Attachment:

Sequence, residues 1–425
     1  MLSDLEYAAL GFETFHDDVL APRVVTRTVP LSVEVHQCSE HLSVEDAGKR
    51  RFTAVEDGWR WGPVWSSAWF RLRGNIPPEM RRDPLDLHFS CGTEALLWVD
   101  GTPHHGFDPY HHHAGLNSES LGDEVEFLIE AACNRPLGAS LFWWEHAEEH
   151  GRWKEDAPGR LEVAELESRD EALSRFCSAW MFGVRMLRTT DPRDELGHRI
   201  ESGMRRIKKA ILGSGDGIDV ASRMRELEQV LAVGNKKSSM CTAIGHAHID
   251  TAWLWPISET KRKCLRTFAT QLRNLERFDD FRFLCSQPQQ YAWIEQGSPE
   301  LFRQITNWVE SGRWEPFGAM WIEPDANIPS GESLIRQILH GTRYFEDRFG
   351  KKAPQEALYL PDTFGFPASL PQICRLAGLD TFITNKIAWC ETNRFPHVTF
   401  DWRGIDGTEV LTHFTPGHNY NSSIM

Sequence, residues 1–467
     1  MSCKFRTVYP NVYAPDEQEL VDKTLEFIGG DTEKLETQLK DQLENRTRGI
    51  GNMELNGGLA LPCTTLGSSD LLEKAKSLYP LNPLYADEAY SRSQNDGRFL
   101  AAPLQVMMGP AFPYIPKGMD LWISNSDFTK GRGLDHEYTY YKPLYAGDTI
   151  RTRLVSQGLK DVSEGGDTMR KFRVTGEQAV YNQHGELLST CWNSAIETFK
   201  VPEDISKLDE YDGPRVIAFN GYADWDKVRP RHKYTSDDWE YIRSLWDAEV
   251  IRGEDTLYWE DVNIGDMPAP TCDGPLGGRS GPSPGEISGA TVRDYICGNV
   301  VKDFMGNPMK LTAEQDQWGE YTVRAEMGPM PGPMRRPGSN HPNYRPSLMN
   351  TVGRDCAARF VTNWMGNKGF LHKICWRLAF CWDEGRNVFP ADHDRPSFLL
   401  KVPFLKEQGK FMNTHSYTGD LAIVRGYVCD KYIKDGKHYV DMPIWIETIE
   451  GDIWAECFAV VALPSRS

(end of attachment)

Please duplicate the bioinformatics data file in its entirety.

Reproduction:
Sequence, residues 1–425
     1  MLSDLEYAAL GFETFHDDVL APRVVTRTVP LSVEVHQCSE HLSVEDAGKR
    51  RFTAVEDGWR WGPVWSSAWF RLRGNIPPEM RRDPLDLHFS CGTEALLWVD
   101  GTPHHGFDPY HHHAGLNSES LGDEVEFLIE AACNRPLGAS LFWWEHAEEH
   151  GRWKEDAPGR LEVAELESRD EALSRFCSAW MFGVRMLRTT DPRDELGHRI
   201  ESGMRRIKKA ILGSGDGIDV ASRMRELEQV LAVGNKKSSM CTAIGHAHID
   251  TAWLWPISET KRKCLRTFAT QLRNLERFDD FRFLCSQPQQ YAWIEQGSPE
   301  LFRQITNWVE SGRWEPFGAM WIEPDANIPS GESLIRQILH GTRYFEDRFG
   351  KKAPQEALYL PDTFGFPASL PQICRLAGLD TFITNKIAWC ETNRFPHVTF
   401  DWRGIDGTEV LTHFTPGHNY NSSIM

Sequence, residues 1–467
     1  MSCKFRTVYP NVYAPDEQEL VDKTLEFIGG DTEKLETQLK DQLENRTRGI
    51  GNMELNGGLA LPCTTLGSSD LLEKAKSLYP LNPLYADEAY SRSQNDGRFL
   101  AAPLQVMMGP AFPYIPKGMD LWISNSDFTK GRGLDHEYTY YKPLYAGDTI
   151  RTRLVSQGLK DVSEGGDTMR KFRVTGEQAV YNQHGELLST CWNSAIETFK
   201  VPEDISKLDE YDGPRVIAFN GYADWDKVRP RHKYTSDDWE YIRSLWDAEV
   251  IRGEDTLYWE DVNIGDMPAP TCDGPLGGRS GPSPGEISGA TVRDYICGNV
   301  VKDFMGNPMK LTAEQDQWGE YTVRAEMGPM PGPMRRPGSN HPNYRPSLMN
   351  TVGRDCAARF VTNWMGNKGF LHKICWRLAF CWDEGRNVFP ADHDRPSFLL
   401  KVPFLKEQGK FMNTHSYTGD LAIVRGYVCD KYIKDGKHYV DMPIWIETIE
   451  GDIWAECFAV VALPSRS